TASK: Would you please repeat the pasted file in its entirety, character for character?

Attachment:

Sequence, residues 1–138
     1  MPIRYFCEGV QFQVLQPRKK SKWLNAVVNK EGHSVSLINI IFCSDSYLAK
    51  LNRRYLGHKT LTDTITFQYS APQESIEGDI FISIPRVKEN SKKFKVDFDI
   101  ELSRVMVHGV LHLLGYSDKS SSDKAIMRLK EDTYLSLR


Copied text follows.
Sequence, residues 1–138
     1  MPIRYFCEGV QFQVLQPRKK SKWLNAVVNK EGHSVSLINI IFCSDSYLAK
    51  LNRRYLGHKT LTDTITFQYS APQESIEGDI FISIPRVKEN SKKFKVDFDI
   101  ELSRVMVHGV LHLLGYSDKS SSDKAIMRLK EDTYLSLR